Nutrition Facts

Fresh watercress is very low in calories. One cup of (34 grams) raw chopped watercress[33] contains 3.7 calories, which is nothing! It doesn’t contain fat, is very low in protein (0.8 grams), and carbohydrate (0.4 grams). It does not provide very many macronutrients, but it is rich in micronutrients. One cup of watercress contains:

  • 54.40 micrograms of vitamin A (6% of daily value).
  • 85 mcg of vitamin K (70% of DV).
  • 14.6 milligrams of vitamin C (16% of DV).
  • 40.80 mg of calcium (3% of DV).
  • 112 mg of potassium (2% of DV). 

It also has some functional substances[34], such as isothiocyanates, lutein, ß-carotene, quercetin, and zeaxanthin, like other cruciferous vegetables that provide good content for supplements.

Potential Side Effects

After all, is watercress good for you in each case? No, there are some factors that you should consider. 

Watercress has a high amount of vitamin K. Therefore, you should avoid too much vitamin K in your diet if you use blood-thinning drugs such as warfarin, as it reduces warfarin effectiveness. 

Also, in a small study with healthy individuals, 100 grams of watercress daily for seven days was related to increased carbon dioxide production during exercise. This study suggests that it may have a negative effect on exercise performance[35], but further studies are needed.

Ways To Add Watercress To Diet

First, you should consider that cooking watercress[36] inactivates some of the anti-cancer effects by reducing related enzymes. So it might be better to consume raw watercress to get chemoprotective benefits.

Watercress Juice

watercress benefits

It is the form of watercress consumed in many studies. You can use watercress to have your green smoothies with other beneficial leafy greens

Salads

watercress benefits

Adding watercress to your salads is a good idea as fat-soluble vitamins (A, D, E, K) are more available if they are consumed with oils such as extra virgin olive oil that you may add to your salads. 

Watercress Soup Or Dishes

watercress benefits

Even though there will be a loss in some functional properties with cooking watercress, it can still be a healthy choice. You can add watercress to your vegetable mix dishes or soups and increase the antioxidant content of your meals.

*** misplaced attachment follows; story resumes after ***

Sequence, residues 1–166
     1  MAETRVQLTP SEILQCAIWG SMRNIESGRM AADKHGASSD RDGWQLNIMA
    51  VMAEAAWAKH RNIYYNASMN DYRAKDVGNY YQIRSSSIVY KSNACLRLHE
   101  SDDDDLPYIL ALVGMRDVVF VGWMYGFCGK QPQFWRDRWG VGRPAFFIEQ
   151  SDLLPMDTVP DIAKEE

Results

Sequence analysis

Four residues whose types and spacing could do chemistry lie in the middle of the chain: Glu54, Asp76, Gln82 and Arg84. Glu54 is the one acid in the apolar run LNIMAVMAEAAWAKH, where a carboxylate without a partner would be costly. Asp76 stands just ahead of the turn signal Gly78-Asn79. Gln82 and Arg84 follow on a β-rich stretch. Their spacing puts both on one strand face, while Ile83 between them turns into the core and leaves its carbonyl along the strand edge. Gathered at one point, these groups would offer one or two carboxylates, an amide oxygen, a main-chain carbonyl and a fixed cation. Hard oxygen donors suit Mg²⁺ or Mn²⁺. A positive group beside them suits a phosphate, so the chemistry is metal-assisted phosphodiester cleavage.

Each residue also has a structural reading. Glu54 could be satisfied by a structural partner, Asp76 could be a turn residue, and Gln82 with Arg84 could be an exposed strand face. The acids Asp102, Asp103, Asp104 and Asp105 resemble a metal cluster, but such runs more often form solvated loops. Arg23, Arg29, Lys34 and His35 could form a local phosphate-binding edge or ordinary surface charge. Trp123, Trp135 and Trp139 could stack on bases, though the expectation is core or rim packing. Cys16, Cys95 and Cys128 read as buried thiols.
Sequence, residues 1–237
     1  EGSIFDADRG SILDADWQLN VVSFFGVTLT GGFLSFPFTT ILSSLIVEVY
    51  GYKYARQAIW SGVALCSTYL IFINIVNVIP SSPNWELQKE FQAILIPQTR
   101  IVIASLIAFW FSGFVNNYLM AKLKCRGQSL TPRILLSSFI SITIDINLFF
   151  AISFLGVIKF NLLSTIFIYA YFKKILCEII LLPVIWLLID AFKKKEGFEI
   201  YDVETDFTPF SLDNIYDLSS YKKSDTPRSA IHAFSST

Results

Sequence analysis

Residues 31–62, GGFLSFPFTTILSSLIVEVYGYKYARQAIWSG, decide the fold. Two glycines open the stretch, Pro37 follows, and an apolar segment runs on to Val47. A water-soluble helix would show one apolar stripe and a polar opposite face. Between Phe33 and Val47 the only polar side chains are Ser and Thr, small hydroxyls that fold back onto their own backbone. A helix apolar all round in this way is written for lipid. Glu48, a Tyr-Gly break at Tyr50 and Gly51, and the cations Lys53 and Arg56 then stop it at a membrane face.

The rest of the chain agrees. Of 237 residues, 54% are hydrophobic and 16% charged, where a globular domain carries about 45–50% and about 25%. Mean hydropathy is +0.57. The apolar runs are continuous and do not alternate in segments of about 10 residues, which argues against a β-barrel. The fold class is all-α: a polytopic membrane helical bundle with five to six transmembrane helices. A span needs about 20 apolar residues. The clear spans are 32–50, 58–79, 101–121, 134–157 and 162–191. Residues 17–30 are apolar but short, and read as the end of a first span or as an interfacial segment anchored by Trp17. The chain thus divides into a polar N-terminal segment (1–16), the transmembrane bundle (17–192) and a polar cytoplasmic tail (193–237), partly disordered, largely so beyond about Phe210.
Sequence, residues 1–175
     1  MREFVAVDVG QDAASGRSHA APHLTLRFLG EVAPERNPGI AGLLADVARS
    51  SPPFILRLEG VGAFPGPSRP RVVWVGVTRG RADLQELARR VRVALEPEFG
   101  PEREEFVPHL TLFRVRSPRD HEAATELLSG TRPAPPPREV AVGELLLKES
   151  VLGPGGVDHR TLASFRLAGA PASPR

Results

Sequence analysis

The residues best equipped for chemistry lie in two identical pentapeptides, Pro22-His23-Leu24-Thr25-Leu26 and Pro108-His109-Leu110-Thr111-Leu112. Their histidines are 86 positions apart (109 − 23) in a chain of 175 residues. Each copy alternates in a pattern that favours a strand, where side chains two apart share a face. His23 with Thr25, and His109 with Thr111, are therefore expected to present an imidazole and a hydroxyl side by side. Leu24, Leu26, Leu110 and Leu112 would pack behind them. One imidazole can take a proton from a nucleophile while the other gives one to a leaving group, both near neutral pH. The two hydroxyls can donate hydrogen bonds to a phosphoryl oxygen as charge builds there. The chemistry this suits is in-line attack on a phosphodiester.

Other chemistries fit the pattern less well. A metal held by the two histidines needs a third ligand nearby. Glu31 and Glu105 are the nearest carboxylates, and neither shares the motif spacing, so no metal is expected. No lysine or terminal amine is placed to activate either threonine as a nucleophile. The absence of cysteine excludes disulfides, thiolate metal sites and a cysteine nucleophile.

Sauces

watercress benefits

You can prepare dip sauces or toppings with watercress and healthy nuts.

How Much Watercress Should You Eat?

There is no upper limit in the literature, but generally, studies include about 80-100 grams of fresh watercress.

The Bottom Line: Is Watercress Good For You?

As an ancient medicinal herb, watercress is more than a leafy green for us. It provides many vitamins and minerals besides its active compounds such as isothiocyanates, lutein, ß-carotene, quercetin, and more, plus being very low-calorie. 

This good combination of nutritional content protects from cancers, inflammation, diabetes, cardiovascular diseases, and many other diseases related to oxidative stress. It is also a great nitrate source, making watercress an ergogenic (performance-enhancing) food for athletes. 

It is clear that watercress is a functional food, and it has proven antioxidant and anti-inflammatory content. However, recent research showed the many health benefits of watercress only in animal or cell culture studies with limited available human studies. However, watercress has promising health effects, warranting more human clinical trials in the future. 


+ 36 sources

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Sevginur Akdas

Written by:

Sevginur Akdas, RD

Medically reviewed by:

Kathy Shattler

Sevginur Akdas is a researcher, medical writer, and clinical dietitian, who is currently pursuing her Ph.D. in metabolism, chronic diseases, and clinical nutrition fields. She has many scientific articles, meta-analyses, systematic reviews, and book chapters on nutrition, chronic diseases, dietary supplements, maternal and child nutrition, molecular nutrition & functional foods topics as a part of a research team currently. Besides her academic background, she is also a professional health&medical writer since 2017.

Medically reviewed by:

Kathy Shattler